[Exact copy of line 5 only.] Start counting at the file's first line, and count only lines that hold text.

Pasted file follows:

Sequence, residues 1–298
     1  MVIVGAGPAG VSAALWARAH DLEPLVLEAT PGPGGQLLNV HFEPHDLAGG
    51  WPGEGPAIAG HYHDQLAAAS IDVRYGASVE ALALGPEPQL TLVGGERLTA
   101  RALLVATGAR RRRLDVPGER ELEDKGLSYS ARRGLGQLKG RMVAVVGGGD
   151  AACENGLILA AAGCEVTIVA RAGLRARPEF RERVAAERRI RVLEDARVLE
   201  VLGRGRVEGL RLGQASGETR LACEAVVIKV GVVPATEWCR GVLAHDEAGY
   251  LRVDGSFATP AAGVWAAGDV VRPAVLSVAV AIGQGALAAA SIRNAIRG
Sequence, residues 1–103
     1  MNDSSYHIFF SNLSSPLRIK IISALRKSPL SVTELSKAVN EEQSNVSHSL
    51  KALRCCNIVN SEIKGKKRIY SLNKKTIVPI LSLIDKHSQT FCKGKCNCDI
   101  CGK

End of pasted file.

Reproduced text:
   151  AACENGLILA AAGCEVTIVA RAGLRARPEF RERVAAERRI RVLEDARVLE